Interspersed within these inspiring stories are John’s poems, stories of life at home in Massachusetts, and Frank’s yearnings to hear from his son. At one point in the book, John writes home to tell his parents that he has decided to change his job once he gets out of training. The job change means that he will add another year to his contract. Frank is angry about this change of events and scolds his son for not consulting him first, or at least talking to the one person the family knows who is a Marine. Frank’s reason for being angry is that the training will require John to move further away from him for a longer time. Originally, he would have trained in the DC area, but his new job would require him to go to Arizona and then Florida. He wrote an angry letter to his son about this development and then got in a fight with his wife… more embarrassing scenes that one would think might be too embarrassing to include in this book. But that’s what makes this book so good. It’s quite honest and Schaeffer shows his very human side. Incidentally, my first reaction to this scenario was that Frank Schaeffer was really in for a rude awakening. Service life is all about frequent moves and going wherever the government decides to send you. I’m sure Frank Schaeffer knows all of this now, though. And I’m sure he’s allowed his son to grow up and distance himself a bit.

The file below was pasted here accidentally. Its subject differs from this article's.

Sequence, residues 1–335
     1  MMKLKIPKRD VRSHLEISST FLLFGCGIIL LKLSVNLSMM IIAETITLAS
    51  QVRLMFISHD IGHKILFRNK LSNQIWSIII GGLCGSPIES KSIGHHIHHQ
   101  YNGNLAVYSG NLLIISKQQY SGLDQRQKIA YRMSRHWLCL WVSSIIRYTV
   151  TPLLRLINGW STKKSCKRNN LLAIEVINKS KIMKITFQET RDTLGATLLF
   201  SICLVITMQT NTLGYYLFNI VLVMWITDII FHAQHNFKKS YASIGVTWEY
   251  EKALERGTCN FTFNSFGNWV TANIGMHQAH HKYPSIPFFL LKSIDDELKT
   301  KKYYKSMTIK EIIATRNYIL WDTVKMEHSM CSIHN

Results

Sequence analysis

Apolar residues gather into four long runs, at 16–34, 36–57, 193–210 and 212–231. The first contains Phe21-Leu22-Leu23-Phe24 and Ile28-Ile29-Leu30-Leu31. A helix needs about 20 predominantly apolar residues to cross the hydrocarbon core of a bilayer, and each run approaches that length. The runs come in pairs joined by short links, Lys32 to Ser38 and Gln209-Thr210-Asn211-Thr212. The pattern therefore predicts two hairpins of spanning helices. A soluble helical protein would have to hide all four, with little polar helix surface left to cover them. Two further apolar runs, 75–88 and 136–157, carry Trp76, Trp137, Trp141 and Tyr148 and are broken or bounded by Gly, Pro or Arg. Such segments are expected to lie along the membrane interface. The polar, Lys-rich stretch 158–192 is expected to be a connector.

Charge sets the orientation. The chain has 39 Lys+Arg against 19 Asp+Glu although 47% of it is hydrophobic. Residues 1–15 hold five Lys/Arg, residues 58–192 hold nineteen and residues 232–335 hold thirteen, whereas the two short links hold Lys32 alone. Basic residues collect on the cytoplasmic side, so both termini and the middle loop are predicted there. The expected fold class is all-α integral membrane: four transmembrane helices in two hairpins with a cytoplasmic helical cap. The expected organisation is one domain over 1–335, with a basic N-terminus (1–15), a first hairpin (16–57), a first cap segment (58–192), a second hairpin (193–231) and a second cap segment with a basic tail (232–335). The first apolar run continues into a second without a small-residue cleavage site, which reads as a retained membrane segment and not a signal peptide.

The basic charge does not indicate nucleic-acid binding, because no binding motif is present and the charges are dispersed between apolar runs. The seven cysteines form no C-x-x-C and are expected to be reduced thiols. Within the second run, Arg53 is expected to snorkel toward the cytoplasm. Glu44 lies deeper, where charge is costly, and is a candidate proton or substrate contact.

As it turned out, once John graduated from basic training, he completed some training in North Carolina, then he ended up spending eighteen months in Arizona while he waited for his security clearance. He had left for Arizona four days after meeting Mollie, a woman to whom he really felt attracted. This part of the book was interesting, as John wasn’t doing anything in particular but waiting. It was a time in which he proved his allegiance to the Corps, since he had injured his foot and had to have surgery. He had the chance to leave the Marines, go to college, be with Mollie. He stayed in, went to Pensacola, and became an exemplary example of a Marine, just in time for September 11th, 2001. According to the back jacket, John Schaeffer is currently serving in Maryland.
As expected, this book does do some bashing of the other services, especially the Army. As the wife of a Soldier, I found myself getting a little annoyed at the generalization that all Army Soldiers are slobs. But then again, I know that the Marines have the toughest physical standards of all of the services. I know they take exceptional pride in their appearance. I’m also an Air Force daughter and I used to hear my dad bashing the Army, too (though not quite as much as this book did). I also found myself laughing aloud quite a lot.
This is a great book and I thoroughly enjoyed it, as much as I have enjoyed Frank Schaeffer’s novels. I read passages of it aloud to my husband, who also wants to read the book now that I’m finished. If you have a loved one serving in the Armed Forces, especially if he or she is a Marine, this book might be a worthy investment of your time.
Frank Schaeffer has written two follow ups to Keeping Faith, Faith of Our Sons, and Voices From The Front.